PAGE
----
Brackman, Hausner & Versen for respondent.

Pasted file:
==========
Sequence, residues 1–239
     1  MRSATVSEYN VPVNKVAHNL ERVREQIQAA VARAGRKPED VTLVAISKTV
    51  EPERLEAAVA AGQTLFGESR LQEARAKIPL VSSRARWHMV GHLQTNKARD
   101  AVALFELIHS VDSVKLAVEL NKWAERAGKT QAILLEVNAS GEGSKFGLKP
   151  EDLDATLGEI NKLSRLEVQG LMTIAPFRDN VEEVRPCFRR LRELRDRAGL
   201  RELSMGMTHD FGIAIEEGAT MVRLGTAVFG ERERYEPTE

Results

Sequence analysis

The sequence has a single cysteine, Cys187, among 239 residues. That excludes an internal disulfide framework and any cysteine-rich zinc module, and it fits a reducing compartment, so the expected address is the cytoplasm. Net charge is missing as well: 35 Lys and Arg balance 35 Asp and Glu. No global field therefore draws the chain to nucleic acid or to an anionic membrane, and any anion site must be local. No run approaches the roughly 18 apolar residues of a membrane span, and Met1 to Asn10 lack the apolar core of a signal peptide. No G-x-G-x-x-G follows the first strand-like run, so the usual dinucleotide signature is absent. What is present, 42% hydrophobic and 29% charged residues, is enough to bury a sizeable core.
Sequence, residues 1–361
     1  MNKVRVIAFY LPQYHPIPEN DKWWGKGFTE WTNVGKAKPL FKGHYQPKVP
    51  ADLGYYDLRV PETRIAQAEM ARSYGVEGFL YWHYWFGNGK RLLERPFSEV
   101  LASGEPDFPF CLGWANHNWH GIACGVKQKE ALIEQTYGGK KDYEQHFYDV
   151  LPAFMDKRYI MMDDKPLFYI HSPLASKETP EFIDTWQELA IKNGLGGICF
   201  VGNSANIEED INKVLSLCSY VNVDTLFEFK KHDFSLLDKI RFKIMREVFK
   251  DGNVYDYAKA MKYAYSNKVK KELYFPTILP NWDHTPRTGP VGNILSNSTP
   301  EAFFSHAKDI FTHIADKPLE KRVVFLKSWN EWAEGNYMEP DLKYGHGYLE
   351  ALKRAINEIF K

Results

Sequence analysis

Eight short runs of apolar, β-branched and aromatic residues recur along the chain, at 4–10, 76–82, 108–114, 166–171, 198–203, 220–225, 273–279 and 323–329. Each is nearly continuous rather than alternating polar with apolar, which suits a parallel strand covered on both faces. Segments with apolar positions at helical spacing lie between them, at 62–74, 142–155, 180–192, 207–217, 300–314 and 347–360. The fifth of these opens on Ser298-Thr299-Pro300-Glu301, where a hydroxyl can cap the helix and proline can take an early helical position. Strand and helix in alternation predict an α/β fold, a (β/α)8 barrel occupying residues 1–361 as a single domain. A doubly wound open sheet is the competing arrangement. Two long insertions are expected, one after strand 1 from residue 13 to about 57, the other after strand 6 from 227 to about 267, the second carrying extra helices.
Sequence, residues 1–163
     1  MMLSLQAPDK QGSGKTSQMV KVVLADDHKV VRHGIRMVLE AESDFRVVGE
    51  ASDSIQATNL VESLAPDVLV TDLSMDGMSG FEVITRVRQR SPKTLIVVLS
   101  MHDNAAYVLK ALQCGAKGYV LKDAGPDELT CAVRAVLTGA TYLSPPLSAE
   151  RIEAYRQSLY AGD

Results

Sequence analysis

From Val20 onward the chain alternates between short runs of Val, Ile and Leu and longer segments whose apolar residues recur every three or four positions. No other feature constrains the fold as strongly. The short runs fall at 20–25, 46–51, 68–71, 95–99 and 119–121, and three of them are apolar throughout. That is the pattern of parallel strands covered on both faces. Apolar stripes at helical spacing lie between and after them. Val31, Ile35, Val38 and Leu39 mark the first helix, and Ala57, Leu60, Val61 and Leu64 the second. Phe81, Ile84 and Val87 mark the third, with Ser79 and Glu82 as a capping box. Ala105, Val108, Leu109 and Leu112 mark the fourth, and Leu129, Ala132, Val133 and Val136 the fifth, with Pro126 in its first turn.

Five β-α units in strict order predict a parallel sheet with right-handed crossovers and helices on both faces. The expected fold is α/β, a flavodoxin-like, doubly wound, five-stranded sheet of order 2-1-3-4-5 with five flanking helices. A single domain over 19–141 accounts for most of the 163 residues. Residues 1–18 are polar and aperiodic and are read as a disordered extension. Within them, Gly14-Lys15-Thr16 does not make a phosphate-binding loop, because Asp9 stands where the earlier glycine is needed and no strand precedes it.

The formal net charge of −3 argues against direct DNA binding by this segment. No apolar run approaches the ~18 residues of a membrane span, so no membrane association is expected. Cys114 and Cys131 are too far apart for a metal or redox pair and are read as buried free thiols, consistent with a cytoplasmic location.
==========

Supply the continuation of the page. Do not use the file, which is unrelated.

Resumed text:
(1) Instruction 2 did not broaden the issues. It was predicated on the character of "watch" required to be kept under the common law in a built-up business district where three important streets converge with a double-track street car line running on, into or through all streets, and where there was much traffic from five directions. The instruction required the jury to find that defendant "negligently failed to keep a reasonable vigilant watch;" whereas the common law required him to keep a "vigilant watch ahead," and the statute required him to see the plaintiff. The instruction requiring of defendant that he keep a "reasonably vigilant watch," instead of an unqualified "vigilant watch," or to "see" plaintiff, was more favorable to the defendant than the law required, instead of imposing a higher duty on him. State ex rel. Vogt v. Reynolds, 244 S.W. 932; Ostermeier v. Implement Co., 255 Mo. 128; McFern v. Gardner, 121 Mo. App. 1; Bongner v. Ziegenhein, 165 Mo. App. 328. (2) There is no assignment in the motion for new trial that plaintiff's counsel was guilty of "grave misconduct" in asking irrelevant, prejudicial questions of witnesses, which injected incurable "poison" in the minds of the jury. The precise error complained of must be "pointedly" set out in the motion for new trial, before this court will consider same. Sec. 1267, R.S. 1919; Bouillon v. Gas Light Co., 165 Mo. App. 320; State v. Scott, 214 Mo. 257; Carver v. Thornhill, 53 Mo. 283; Stone v. Wolfskill Bros., 59 Mo. App. 441; Sweet v. Maupin, 65 Mo. 65; Lynch v. Railroad, 208 Mo. 44; Polski v. St. Louis, 264 Mo. 458. (3) The failure of a party to produce a friendly witness having direct knowledge of material facts, at the trial, so that the jury may see the witness and hear his testimony and the opposite party cross-examine him before the jury, and thereby have opportunity to determine the credibility of the witness, raises a presumption that the "defense is not made in good faith," as well as that the testimony of the witness would be unfavorable to him. Any effort to explain such failure to produce such friendly witness is subject to the same rules of evidence and of cross-examination as other evidence in the case and is for the jury, and is in no sense privileged, as appears to be claimed. Bryant v. Lazarus, 235 Mo. 606; Willitts v. Railroad, 221 S.W. 66; McCord v. Schaff, 279 Mo. 558; State ex rel. Shawhan v. Ellison, 200 S.W. 1044. (4) The verdict was not excessive. The verdict was for less than one-third the amount the jury could have given her under the pleadings and instructions, and the amount does not show the jury was biased and prejudiced in any way. Hurst v. Railway, 219 S.W. 568; Lane v. Railway, 228 S.W. 870; Varley v. Taxicab Co., 240 S.W. 228; Rigley v. Prior, 323 S.W. 832.